- Attach the new axle to the hub and begin replacing the bolts you removed earlier in the process:
- Hub/strut tower
- Tie Rod/steering knuckle
- Replace the axle nut. Here, as before, use an impact wrench if you have one to safely tighten the nut. If you don’t have one, get the nut as tight as you can without yanking on it while it’s up on stands.
- Replace the wheel and lower the vehicle.
- If you need to tighten the axle nut further, it’s best to do it with the vehicle on the ground, so that you can really push on a wrench or bar to tighten without worrying about the vehicle falling.
Sometimes You Need a Certified Mechanic
As much as The Drive loves to put the "you" in do-it-yourself, we know that not everyone has the proper tools, a safe workspace, the spare time, or the confidence to tackle major automotive repairs. Sometimes, you just need quality repair work performed by professionals you can trust like our partners, the certified mechanics at Goodyear Tire & Service.
Pro Tips to Change A CV Axle
Here are The Drive’s pro tips.
- If you don’t have a garage, find the flattest spot possible to do this job. The car will need to be securely lifted on jack stands, and that can’t happen if you’re working on an incline.
- Wear gloves and eye protection during this project. There will be plenty of opportunity to hurt yourself, and your hands and eyes are some of your most important assets.
- If you’re uncomfortable with any part of this process, it’s best to have a pro do the work. Getting halfway in and deciding that you’re not able to finish is going to present a problem, since you won’t be able to just drive the car to the shop.
- Take a look around while you’re working on this project. You’ll have the opportunity to see damage to your brakes and other suspension components, and it’s easier to do two fixes at the same time while you’ve got the wheel off and the car on stands.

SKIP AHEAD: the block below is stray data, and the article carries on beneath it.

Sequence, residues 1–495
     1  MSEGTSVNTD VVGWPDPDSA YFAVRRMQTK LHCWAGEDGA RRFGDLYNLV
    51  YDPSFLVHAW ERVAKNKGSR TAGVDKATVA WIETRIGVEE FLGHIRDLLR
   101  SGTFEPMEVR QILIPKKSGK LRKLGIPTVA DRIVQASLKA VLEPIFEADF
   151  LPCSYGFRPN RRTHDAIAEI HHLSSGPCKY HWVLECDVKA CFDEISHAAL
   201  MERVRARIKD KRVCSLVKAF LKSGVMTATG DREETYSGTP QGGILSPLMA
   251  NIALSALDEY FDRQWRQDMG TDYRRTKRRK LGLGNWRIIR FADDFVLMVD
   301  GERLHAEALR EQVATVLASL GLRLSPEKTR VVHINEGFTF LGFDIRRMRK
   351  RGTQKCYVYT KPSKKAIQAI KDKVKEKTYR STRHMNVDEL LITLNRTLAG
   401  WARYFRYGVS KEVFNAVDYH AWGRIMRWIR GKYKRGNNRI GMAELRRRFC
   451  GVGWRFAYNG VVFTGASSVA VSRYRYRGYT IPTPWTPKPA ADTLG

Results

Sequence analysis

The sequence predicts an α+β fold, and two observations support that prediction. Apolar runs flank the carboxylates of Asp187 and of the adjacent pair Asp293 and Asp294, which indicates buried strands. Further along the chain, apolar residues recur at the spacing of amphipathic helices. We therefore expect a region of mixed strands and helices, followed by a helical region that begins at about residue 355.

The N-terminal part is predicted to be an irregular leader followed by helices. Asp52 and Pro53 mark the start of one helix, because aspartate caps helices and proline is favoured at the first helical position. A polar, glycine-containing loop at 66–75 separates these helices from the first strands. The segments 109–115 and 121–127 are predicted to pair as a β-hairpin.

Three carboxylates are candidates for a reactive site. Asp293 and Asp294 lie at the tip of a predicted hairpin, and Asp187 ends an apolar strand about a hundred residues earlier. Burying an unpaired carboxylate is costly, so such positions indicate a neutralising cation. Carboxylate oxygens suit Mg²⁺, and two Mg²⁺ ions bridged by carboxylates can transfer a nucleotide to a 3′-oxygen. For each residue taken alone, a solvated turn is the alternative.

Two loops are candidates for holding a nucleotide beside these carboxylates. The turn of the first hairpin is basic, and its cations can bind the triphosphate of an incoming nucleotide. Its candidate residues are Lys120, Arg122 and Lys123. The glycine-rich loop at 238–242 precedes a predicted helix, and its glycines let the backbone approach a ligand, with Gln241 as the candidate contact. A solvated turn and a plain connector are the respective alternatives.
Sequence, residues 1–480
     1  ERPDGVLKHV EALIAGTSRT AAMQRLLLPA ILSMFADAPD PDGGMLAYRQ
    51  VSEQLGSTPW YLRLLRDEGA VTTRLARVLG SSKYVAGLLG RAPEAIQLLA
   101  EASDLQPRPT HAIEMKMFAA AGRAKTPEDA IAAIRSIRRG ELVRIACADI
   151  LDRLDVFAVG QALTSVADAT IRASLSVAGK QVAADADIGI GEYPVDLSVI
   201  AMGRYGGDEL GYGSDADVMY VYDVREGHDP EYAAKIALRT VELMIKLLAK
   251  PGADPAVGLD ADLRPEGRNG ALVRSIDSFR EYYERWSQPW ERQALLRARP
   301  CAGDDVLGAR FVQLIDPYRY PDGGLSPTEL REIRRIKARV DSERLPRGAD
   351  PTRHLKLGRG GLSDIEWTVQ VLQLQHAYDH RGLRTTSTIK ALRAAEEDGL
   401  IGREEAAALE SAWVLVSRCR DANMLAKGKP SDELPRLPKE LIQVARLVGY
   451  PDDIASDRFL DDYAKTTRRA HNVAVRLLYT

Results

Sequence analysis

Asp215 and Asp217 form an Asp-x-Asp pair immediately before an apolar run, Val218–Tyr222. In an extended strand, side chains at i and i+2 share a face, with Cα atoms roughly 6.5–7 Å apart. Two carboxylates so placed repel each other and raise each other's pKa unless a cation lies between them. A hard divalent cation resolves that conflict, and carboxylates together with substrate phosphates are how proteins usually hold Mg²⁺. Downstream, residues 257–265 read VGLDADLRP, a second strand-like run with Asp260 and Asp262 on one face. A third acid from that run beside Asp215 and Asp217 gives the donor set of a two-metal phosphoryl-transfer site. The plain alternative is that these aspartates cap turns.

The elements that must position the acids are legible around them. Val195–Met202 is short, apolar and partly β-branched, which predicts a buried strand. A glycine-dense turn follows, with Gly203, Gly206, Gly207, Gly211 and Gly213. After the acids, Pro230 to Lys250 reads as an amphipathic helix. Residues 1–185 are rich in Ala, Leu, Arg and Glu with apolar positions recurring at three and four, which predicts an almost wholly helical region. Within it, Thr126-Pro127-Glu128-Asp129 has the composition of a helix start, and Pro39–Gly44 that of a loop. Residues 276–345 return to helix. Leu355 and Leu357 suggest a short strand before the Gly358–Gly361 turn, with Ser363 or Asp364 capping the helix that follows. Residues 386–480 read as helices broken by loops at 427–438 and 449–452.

FAQs About CV Axles
You’ve got questions, The Drive has answers!
Q: Can You Drive With a Bad CV Axle?
A: No. Do not ignore a bad CV axle. The vibrations you’re feeling and noise you’re hearing are a warning that it’s time for maintenance. If your axle fails while you’re driving, you could lose control of your car.
Q: How Long Should a CV Axle Last?
A: CV axles are usually covered by the manufacturer’s powertrain warranty, which should have you covered for at least four to five years and 50,000 to 60,000 miles. As for whether or not the axle makes it past the warranty period, there are many factors that can impact its lifespan. Driving over rough terrain where there are rocks and debris can shorten the life of a CV axle, because there are more opportunities to damage the rubber boot that protects the moving parts. The same goes for driving in snowy or icy conditions, where salt and sand can also damage the rubber. In some cases, the rubber just dries out and cracks, which has the same effect.
Q: What Does a Bad Axle Sound Like?
A: If you hear a clicking or grinding sound while turning, there’s a good chance your CV axle is starting to go. The noise may also be present while accelerating, but it’s most noticeable when turning the steering wheel.
Q: Can The CV Axle Damage My Transmission?
A: Yes, since it’s connected directly to the transmission, a failing CV axle can cause damage. Excessive movement from a damaged axle can wear components inside the transmission more quickly than they would normally.